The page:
British ex-pat living in NC. Have more personalities than Sybil which is reflected in my choice of books! Frustrated writer at heart.
I walked through Rome. Learned about the intriguing world of Roman politics. Things really have not changed much over the years! I learned about 'The Haves'' and ''The Have Nots' together with all the complications of their class structure. Got me thinking that again...have we really changed as basic human beings?
One poignant story line that struck me at the end of this beautifully written book was the love, respect and loyalty between a man of high birth and his lowly slave.
The narrator brought each word to life. I feel so sad that this volume has ended. Will definitely be one to revisit like an old friend over the years to come.
Say something about yourself!
Imperium and Conspirata are wonderful books. The story is riveting and fascinating. I can't wait for the third in the series. Imperium is the better of the two books, but you just can't beat them in terms of historical information and a cracking good story. Harris has just done a splendid job with these two books. I have listened to both of them several times, and keep going back. The writing is excellent - a real treat to listen to. The characters are so well developed and memorable.
Simon Jones is just the best. He records a lot of children's material which I wouldn't nbt normally listen to, but I can tell you I've looked at everything he's done to see if there's anything else I would like. He is just so talented and a real pleasure to listen to. There is evidently another version of both Imperium and Conspriata narrated by someone else. DON'T MISS OUT ON SIMON JONES. Definitely get the Jones version. I just fell in love with Tiro, Cicero's slave who is the narrator of the story. But, Jones makes every character in the book come alive. If I were Harris, I would kill to get him to narrate my books.
Both books are fascinating and I still laugh out loud at some parts even though I've listened to both books over and over again.
I just can't recommend these novels and the narrator highly enough. A real treat and treasure. I can't wait for the third book in the series and I do hope that Simon Jones is the narrator. I'm afraid it would be ruined with another narrator, at least for me.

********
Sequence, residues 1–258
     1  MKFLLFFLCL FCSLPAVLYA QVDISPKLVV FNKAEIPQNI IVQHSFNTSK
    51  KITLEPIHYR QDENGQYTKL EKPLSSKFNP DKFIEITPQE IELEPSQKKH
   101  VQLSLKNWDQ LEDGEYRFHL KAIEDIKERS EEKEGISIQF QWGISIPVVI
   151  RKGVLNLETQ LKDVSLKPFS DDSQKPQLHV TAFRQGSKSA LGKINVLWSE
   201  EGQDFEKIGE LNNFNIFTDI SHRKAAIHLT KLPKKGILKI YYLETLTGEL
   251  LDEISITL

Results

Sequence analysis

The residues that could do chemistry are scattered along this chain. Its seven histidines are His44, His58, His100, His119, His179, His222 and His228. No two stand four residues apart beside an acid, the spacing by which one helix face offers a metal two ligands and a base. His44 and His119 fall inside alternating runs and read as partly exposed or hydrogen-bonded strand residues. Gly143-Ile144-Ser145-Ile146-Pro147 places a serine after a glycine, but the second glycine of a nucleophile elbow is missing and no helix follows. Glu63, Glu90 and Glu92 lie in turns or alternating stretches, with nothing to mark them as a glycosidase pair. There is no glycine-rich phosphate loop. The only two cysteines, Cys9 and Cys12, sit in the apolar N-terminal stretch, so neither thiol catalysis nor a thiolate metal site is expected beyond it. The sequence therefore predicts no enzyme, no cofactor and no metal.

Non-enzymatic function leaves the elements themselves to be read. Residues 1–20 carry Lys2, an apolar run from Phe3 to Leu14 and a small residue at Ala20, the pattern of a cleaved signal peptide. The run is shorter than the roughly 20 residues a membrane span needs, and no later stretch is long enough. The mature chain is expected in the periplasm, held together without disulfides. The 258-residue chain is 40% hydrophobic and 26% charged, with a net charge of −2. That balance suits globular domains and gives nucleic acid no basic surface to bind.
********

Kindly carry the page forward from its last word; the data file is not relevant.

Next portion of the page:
If you like political thrillers, this is a good one. The series continues from where Imperium left off and leaves me excited for the next installment in the series.
The author provides a lot of detail from historical names and places in the later days of Roman history. Much better than the average historical fiction novels.
I love words that can take me into other worlds.
This is a wonderful audiobook--both in the story and the narration. I was bowled over by "Imperium," the first book in Harris's Cicero trilogy, and was dubious that the second book could be as good. I'm happy to say that my fears were unfounded. Admittedly, the story has a less clear moral arc and is darker than that of Cicero's rise to Consul, but that is the real difference between rising to power and wielding it. This is a more complex book, but every bit as gripping: from the Catiline Conspiracy to the rise of Caesar resulting in Cicero's exile. No spoilers here: this is all in the history books. Yet, thanks in part to Simon Jones's excellent narration, I felt such empathy for the lead characters that I actually found myself hoping it would turn out differently.
Good historical fiction adds a depth of understanding that a pure history book cannot. Conspirata is a great example of doing just that.
Actor/director/teacher. Split my time between Beijing and Seattle now. Listen to Audible on the subway and while driving or riding my bike.
History is fascinating. The working out of personal ambition, accident, political skill, etc. can keep my attention all by itself and this book did that effectively. What it did not do was move me. Along with another reviewer, I developed a "fondness" for Tiro and Cicero, but that is simply not enough for an historical novel. I expect to be led to care deeply for at least one or two of the characters, and Harris does not manage that. So I never got bored and I enjoyed the book, but just three stars worth.
The narration is spot on with this series. This book, like many of the author's books in my opinion, lags in places that could be reduced or written out.
It finishes well and I will be purchasing the third book in the series. It's worth the read in my opinion.
Have not read the print version
Harris writes the Cicero in a way that makes him seem not only real, but you end up feeling you are on intimate terms with him. The most memorable part was feeling I knew all the characters personally or was speaking to a friend, who was speaking with me about other friends, who like us were ancient Romans.
The scenes where Cicero wins over the antagonist who is exploiting the weak in the Roman provinces through clever maneuvering and internal politics. I'd say more but don't want to be a spolier.
When we learn Cicero stuttered and overcame it and became a famous orator and force in Rome. Especially when his old enemies remember it and try to tease him about it. After one knows this his defeat of his foes with his rhetoric, wit, strategy and understanding of Rome and the human character is more moving and powerful.
At times I felt Cicero was sharing inside gossip and secrets about others in Rome, then had to remember this is fiction and Cicero was real, but this is a story. Great stuff and well worth the money. I was working on 12 foot "roman walls" for the stage design of "Antigone" while listening to it, so the perfect time to enjoy the audio book.